[I then explain 1-3 at some length and argue that politics often causes us to become “situational enemies”. Afterwards, I turn to asking what we should think about our fellow citizens in light of their incompetence:]
A Toast to the Death of the Incompetent King
There’s yet another way democracy makes us enemies. In previous chapters, we examined at great length much of the empirical research on the political brain. We discovered that most democratic citizens are Hobbits and Hooligans. Most Hobbits are potential Hooligans. Most voters are not merely ignorant, but misinformed and irrational. Ignorance and irrationality are resilient. People resist attempts to reach consensus or to learn more. They dig in their heels. Attempts to eradicate ignorance and irrational often makes these problems even worse. Political participation, including democratic deliberation, is more likely to corrupt and stultify us than to ennoble and enlighten us.
These Hobbits and Hooligans wield political power over me. It turns they have altruistic intentions when they wield this power. But, at the same time, they wield that power in a highly incompetent way. This, I argue, gives me some reason to hate them, to regard them as my enemies and I as theirs.
To see why, recall the story of King Carl the Incompetent from chapter six. Carl wants to make his subjects’ lives go better. But he doesn’t take proper care to know what he’s doing. He doesn’t have the information he needs, and he doesn’t reason in a reliable way about what little information he has.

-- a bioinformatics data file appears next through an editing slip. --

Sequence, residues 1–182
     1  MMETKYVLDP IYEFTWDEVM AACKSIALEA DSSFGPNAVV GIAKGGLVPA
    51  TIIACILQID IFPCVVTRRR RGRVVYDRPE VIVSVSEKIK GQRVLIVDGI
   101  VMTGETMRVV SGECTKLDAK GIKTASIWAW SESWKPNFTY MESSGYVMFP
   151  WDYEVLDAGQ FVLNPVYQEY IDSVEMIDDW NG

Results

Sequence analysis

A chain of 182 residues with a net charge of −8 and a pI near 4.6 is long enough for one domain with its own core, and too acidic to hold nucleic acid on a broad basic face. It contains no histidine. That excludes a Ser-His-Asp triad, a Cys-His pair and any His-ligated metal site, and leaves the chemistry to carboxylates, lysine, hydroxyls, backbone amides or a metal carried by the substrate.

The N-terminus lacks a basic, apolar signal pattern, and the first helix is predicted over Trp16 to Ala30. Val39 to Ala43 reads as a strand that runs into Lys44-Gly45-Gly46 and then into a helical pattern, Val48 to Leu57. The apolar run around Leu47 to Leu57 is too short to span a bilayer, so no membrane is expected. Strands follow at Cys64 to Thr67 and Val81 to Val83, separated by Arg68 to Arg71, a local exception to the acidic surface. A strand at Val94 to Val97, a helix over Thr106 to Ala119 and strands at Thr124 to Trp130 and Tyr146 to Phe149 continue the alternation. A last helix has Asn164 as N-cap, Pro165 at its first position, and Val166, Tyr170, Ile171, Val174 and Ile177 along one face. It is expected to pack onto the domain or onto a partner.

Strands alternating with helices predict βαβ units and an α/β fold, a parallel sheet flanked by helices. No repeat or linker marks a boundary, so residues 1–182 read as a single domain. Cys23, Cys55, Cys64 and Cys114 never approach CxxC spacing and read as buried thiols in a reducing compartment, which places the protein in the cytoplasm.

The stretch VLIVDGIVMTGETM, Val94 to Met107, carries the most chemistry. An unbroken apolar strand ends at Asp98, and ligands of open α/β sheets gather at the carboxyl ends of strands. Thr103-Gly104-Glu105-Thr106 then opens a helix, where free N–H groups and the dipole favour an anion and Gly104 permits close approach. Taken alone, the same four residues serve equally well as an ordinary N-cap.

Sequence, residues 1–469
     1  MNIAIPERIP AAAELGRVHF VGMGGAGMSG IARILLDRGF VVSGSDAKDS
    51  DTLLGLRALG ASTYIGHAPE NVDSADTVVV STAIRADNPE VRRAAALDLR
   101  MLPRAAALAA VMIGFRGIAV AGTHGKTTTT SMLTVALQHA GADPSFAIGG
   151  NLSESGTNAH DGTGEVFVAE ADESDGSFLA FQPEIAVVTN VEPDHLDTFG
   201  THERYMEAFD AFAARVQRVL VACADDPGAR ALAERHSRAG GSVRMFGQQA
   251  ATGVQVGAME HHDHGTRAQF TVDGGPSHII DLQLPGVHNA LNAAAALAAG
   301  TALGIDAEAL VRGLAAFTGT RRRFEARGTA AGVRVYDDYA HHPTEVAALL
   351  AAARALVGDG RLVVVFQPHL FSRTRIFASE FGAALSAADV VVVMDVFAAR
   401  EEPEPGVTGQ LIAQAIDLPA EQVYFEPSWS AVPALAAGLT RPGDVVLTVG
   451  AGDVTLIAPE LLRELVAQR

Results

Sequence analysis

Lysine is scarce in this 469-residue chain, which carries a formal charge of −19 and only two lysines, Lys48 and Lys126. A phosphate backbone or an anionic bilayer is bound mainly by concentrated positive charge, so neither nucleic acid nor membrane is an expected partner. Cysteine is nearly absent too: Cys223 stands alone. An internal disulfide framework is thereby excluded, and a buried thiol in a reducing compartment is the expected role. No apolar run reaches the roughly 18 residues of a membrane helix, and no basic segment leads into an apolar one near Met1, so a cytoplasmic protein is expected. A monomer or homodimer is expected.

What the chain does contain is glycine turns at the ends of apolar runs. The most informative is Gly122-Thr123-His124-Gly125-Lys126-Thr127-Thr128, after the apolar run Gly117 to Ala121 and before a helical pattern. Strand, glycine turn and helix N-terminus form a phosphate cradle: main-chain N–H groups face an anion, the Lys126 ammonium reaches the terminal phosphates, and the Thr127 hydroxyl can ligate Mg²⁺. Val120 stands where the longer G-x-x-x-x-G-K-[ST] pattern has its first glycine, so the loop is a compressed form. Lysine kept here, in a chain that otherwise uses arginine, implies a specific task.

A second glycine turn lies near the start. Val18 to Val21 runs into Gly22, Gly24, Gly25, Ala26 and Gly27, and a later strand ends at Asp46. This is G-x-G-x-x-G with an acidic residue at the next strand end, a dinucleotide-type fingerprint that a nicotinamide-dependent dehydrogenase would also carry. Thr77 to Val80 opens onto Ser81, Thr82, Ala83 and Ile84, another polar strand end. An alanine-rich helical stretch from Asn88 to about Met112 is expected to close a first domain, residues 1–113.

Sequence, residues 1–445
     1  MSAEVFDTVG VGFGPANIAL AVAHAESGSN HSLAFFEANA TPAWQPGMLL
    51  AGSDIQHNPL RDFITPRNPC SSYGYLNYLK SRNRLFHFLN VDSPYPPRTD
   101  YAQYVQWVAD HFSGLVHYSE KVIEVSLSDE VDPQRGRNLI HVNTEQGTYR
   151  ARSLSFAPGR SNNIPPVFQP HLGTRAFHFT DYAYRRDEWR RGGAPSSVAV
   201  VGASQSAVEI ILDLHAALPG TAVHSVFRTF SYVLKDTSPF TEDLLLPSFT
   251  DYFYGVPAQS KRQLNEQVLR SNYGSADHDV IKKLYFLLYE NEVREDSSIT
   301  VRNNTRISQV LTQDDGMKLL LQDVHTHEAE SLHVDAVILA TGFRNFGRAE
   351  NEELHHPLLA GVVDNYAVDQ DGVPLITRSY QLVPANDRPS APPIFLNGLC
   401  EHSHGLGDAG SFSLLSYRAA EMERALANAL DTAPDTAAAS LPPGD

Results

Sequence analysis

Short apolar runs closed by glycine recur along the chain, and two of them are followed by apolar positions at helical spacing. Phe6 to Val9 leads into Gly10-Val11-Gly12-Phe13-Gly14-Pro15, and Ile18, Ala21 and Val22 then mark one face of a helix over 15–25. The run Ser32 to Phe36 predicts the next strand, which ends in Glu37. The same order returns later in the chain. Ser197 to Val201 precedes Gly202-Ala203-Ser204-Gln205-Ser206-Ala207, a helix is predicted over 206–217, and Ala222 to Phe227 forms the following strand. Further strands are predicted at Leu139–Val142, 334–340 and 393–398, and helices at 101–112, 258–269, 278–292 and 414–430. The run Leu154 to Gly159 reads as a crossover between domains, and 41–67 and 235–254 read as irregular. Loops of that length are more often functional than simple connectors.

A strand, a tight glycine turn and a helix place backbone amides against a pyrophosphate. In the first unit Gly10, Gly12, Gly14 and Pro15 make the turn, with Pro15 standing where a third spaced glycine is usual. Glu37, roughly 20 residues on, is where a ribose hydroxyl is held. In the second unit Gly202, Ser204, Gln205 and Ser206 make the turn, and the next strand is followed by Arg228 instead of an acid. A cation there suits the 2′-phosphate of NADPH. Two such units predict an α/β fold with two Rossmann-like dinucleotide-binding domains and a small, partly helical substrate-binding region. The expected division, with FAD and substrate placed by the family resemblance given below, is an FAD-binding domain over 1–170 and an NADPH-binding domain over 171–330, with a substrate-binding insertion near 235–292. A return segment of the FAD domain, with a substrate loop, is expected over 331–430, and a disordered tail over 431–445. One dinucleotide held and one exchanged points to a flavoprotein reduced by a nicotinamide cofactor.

Carl means well, but he’s dangerous. The following hold true of him:
- While he doesn’t desire to hurt his subjects under that description, he often desires to do things that will in fact hurt them.
- While he doesn’t desire to impose undue risk upon his subjects under that description, he often desires to act in ways that in fact impose undue risk.
- Carl has ample evidence that he is incompetent, but he doesn’t pay much attention to that evidence, nor does he process the evidence that he is incompetent in a rational way. Accordingly, he doesn’t take any steps to reduce his incompetence or protect his subjects from his incompetence.
In light of 1-3, Carl’s subjects have good reason to despise him. Almost every time Carl makes a decision, he imposes serious risk of harm upon his subjects. If the subjects are lucky, Carl will pick a decent or good policy. But even then, Carl doesn’t know what he’s doing. When he makes a good decision, it’s by accident. If the subjects are unlucky, Carl causes serious harm. He wields an incredible amount of power in an irresponsible way.
I wouldn’t be surprised to hear Carl’s subjects raise a glass at the pub and wish for the king’s early death. They might feel a bit bad about that. After all, Carl genuinely means well. Still, the subjects are right to see him as a threat to their, and their children’s, well-being.
In modern democracies, rather than having a one-headed incompetent king, we have a many-headed incompetent king. In a democracy, the incompetent, irresponsible ruler isn’t some bearded fellow in a castle, but almost everyone else I see. If Carl’s irresponsible behavior gives his subjects grounds to hate him, I some have reason to hate my fellow citizens as well.